Champagne sales have declined to such an extent in the all-important UK market that French industry heads have chosen to limit production in order to hold their prices.
Last week, the annual meeting took place in the Champagne region to determine the volume of grapes that growers would harvest this year. Usually set at between 10,000 and 14,000 kilos per hectare, this year the champagne industry opted for 9,700 kilos per hectare.
The decision has been motivated largely by falling sales in the UK, the number one export market for champagne.
These grapes will actually produce wine hitting the market in two to three years, but nevertheless the decision reflects trends in the market right now.
The on-trade sold 16 per cent less champagne in the last 12 months than it did in the previous year, according to Nielsen.
Over the weekend, The Guardian newspaper reported that supermarkets will be selling cut-price champagne in the run-up to Christmas because of a glut of the sparkling wine.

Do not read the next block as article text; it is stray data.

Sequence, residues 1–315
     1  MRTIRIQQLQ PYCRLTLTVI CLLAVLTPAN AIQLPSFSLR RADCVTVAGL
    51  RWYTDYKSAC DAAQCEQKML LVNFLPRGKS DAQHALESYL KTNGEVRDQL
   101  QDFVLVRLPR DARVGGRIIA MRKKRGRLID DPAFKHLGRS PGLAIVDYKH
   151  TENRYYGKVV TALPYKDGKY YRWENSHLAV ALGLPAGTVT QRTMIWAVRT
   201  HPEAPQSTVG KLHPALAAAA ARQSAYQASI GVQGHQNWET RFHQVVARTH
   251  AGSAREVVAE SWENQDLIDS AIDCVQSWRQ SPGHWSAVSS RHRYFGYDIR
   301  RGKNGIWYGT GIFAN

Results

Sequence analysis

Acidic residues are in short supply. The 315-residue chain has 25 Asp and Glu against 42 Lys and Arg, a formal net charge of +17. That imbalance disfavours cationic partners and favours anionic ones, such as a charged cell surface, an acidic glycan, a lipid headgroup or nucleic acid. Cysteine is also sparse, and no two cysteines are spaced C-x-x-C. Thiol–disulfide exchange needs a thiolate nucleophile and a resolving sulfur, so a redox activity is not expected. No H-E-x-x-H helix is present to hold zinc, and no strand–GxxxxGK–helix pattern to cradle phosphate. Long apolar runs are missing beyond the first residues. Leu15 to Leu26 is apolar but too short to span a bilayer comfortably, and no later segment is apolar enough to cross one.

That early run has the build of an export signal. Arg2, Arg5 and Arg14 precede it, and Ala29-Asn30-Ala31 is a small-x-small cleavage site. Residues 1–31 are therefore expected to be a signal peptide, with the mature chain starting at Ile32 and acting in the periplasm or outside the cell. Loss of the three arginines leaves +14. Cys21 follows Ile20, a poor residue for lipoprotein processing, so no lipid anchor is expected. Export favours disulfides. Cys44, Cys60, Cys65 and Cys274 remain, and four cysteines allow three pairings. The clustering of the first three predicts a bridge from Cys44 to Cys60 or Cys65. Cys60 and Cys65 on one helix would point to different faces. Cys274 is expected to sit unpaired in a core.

And falling champagne consumption was one of the reasons given by Majestic, Britain's largest wine warehouse, for a 56 per cent fall in profits announced recently.
"What is happening is that a deal has been struck to manage what is happening globally," said Françoise Peretti, director of The Champagne Information Bureau, which represents the champagne industry in the UK.
"Sales are going to be lower in 2009 and 2010 than in previous years, so yield has been lowered to match demand."